4 Different Ways to Protect Your Business from Legal Action

All products and services featured on this site are independently selected by our authors and editors. If you buy something through links on our site, we may earn an affiliate commission.

minute/s remaining

People are becoming increasingly litigious in our society and so businesses need to ensure that they are suitably protected from whatever legal cases might come, such as false claims or accusations of substandard service. However, most entrepreneurs don’t really know where to begin when it comes to safeguarding themselves and their company. For this reason, we have written this article today to help anyone with this predicament. Keep reading if you’d like to find out 4 different ways to protect your business from legal action.

1.) Frequent Assessments

Nobody likes assessments but they are a necessity when it comes to preventing legal action from being taken up against your company. By regularly assessing how your policies and procedures are being conducted, you can find where there is room for improvement. For instance, is your no-returns policy counterproductive? Is it causing a lot of customers to complain and turn their backs on your business? What about the quality of your service? Are you guaranteeing your customers an excellent job and then making a mess of it? All these factors make legal action more and more likely. So, we recommend conducting regular assessments and seeing where the quality or efficiency of your business could be improved. By providing the very best products and services possible, you are much less likely to have legal claims leveraged against you.

2.) Adequate Insurance

If you run a business, insurance is essential for a whole manner of reasons. Not only can it soften the financial blow of making a mistake but also compensate for the customer on your behalf. Some insurance providers also cover the legal fees that are entailed when someone accuses you of misconduct. For example, surgeons in healthcare might want to find out more about medical indemnity insurance, which provides them with legal coverage in case a patient accuses them of negligence or malpractice. Meanwhile, landlords can obtain insurance which protects them if a tenant injures themselves on the property and tries to find a way to blame them. Basically, insurance is the ultimate contingency plan.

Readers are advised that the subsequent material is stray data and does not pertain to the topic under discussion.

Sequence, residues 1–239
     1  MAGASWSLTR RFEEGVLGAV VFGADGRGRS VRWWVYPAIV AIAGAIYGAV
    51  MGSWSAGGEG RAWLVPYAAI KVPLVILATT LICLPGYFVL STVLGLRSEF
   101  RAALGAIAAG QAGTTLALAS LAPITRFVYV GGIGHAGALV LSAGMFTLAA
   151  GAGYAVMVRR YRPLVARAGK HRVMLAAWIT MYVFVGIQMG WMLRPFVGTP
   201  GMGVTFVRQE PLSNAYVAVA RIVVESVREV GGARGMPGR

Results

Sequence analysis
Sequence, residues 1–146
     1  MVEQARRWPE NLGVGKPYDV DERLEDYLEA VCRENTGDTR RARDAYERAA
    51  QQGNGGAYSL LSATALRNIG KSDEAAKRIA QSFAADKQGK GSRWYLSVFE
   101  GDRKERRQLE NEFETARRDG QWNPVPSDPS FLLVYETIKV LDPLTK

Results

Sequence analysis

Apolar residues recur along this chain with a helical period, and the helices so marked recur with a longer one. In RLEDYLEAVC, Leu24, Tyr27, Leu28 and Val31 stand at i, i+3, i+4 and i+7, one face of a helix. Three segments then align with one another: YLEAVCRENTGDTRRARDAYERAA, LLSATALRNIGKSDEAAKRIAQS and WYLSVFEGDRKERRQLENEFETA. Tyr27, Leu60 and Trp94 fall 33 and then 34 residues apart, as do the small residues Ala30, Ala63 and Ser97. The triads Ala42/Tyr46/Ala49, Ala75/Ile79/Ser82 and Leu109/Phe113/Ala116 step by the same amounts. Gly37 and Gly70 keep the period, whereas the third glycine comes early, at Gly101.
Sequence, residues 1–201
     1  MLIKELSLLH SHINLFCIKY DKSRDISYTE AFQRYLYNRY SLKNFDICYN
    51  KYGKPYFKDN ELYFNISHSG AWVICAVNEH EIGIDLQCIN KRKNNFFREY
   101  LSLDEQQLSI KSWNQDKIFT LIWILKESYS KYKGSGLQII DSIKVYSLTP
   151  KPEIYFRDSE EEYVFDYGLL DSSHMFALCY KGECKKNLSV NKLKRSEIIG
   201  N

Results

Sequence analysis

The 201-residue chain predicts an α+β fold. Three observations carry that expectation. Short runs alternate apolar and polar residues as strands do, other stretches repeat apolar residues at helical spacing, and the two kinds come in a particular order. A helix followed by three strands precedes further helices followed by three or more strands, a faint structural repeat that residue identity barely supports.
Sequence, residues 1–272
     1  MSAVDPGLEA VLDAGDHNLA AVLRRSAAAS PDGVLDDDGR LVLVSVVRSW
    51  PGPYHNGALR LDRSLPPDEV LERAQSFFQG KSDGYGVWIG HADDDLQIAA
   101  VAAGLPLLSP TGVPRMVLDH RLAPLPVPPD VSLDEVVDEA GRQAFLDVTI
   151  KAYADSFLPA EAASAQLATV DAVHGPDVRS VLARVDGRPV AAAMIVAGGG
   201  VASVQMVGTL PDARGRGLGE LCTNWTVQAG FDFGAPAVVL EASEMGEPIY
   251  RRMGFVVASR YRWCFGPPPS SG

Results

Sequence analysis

3.) Customer Service

Customer service is incredibly important for a whole manner of reasons. Firstly, customer service helps to build a good relationship with your customers. It facilitates communication between the client and the businessperson, too. Most importantly, customer service can help you to nip any problems in the bud before they develop into something worse, such as a legal matter. When delivering customer service, you should be understanding and validating, regardless of how testing the other person is. Be willing to go above and beyond because this will win good favour. Meanwhile, apathy is the number one way to worsen things.

4.) Enforcing Regulations

Your business needs to follow certain rules and regulations because these ensure that you are working within the law. When it comes to legal cases, this can work as proof in your defence if a customer or staff member tries to accuse you of misconduct. By enforcing rules and regulations in the workplace, you can also guarantee a higher standard of practice and prevent your employees from inadvertently breaking the law. For example, lifeguards in leisure centres are regularly trained to make sure they know what to do in a crisis and how to prevent accidents from occurring in the swimming pool.

These are some different ways to protect your business from legal action. By delivering the very highest standard of service to customers, you are much less likely to have accusations made against your company. Meanwhile, insurance will help to cushion the financial impact involved with legal cases.

About the Author 

Luca Yates

Through his work in the SEO and Corporate landscapes, Luca Yates has been on his own personal growth journey. Today, he loves helping others to achieve their goals.

{"email":"Email address invalid","url":"Website address invalid","required":"Required field missing"}

The boss walked into the meeting room, and the atmosphere suddenly turned chilly. No one wanted to be here because everyone knew this guy had no business being the leader. We’ve all been there, and we’ve all also heard the mantra over and over that we need to step up and lead. In general, that’s

When You Should NOT Be The Leader

I had a familiar conversation with an entrepreneur who approached me about business coaching yesterday. “Getting business isn’t the problem. Keeping up with it is! I’m always working!” Another day, the same problem. Like many of my clients, this lady was a hustler, always working, had plenty of clients, yet hadn’t even broken six figures yet. Hitting the

I’m Selling Plenty but Can’t Keep Up: Scaling Your Business